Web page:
Gaining access to your loved one’s digital accounts

6 min read

Where to look for account passwords

  • Start with your loved one's computer—many passwords should be saved there.

  • Try looking around the desk for the computer access password if you can't get in. A computer tech may be able to help you access the hard drive.

  • Phone passcodes are easier to guess, but be careful: You'll get locked out after too many wrong guesses.

  • If you have or can get email access or phone access, you can get into almost any account by clicking “Forgot password.”

At some point after your loved one passes away, you will likely need to gain access to their digital accounts and assets, whether to find important documents, transfer the accounts into your name, or close them entirely. 

The magnitude of this task will depend on how much your loved one used online platforms—social media, subscription services, online financial portals, etc. Whether you need to log into their bank account or their social media pages, in most cases gaining access is not particularly difficult.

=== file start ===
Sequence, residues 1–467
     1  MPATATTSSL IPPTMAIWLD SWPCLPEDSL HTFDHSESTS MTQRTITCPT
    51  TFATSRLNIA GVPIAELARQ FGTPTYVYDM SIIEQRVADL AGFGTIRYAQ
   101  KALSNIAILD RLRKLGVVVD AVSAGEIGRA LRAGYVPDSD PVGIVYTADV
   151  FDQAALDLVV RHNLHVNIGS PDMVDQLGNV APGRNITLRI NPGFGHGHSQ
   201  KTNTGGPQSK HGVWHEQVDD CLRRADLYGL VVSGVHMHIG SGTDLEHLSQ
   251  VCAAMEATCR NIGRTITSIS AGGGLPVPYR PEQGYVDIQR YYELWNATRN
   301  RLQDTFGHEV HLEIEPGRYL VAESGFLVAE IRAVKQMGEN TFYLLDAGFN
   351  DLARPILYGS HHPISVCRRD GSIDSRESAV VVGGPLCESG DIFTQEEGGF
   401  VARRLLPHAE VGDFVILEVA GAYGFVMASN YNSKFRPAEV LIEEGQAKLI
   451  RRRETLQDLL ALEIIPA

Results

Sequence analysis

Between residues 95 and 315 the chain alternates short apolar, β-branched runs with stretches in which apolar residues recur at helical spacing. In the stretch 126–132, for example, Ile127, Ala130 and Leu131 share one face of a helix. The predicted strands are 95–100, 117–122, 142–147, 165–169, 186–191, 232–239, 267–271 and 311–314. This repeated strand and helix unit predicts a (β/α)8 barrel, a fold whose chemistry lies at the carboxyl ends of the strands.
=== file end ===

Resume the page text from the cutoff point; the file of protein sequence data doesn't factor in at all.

This can, however be an emotionally challenging endeavor for many people; logging on to a loved one’s accounts can feel intimate or even intrusive, especially these days when many of us do everything online. You may be entering a very private part of their life, so make sure to ask yourself if you’re strong enough for this right now. If you’re struggling, it is always useful to have a friend or family member who can be there with you.

Logging in

If you already have access to your loved one’s email account, this will allow you to get into almost any of their digital accounts by entering their email address and clicking on “Forgot Password.” From there, you can reset the password by following the link that will be sent to their email address. 

This will give you full access to your loved one’s account, which in the case of messaging accounts, social media, and the like means potentially seeing their communications with others and similar personal information. If this is a boundary you don’t want to cross, you can try to focus on only the things you need, or ask someone you trust to search for and find those for you. 

Instead of accessing the contents of a loved one’s social media accounts, many families choose to make a final obituary post and then log out for good, memorialize the account, or simply deactivate it. Each social media platform has its own procedure for the latter options if you do not have direct access.

Looking for passwords

If you already know your loved one’s passwords (or can access their email), then for all but the most secure accounts, gaining access will be easy. If you don’t, you may want to try to find them.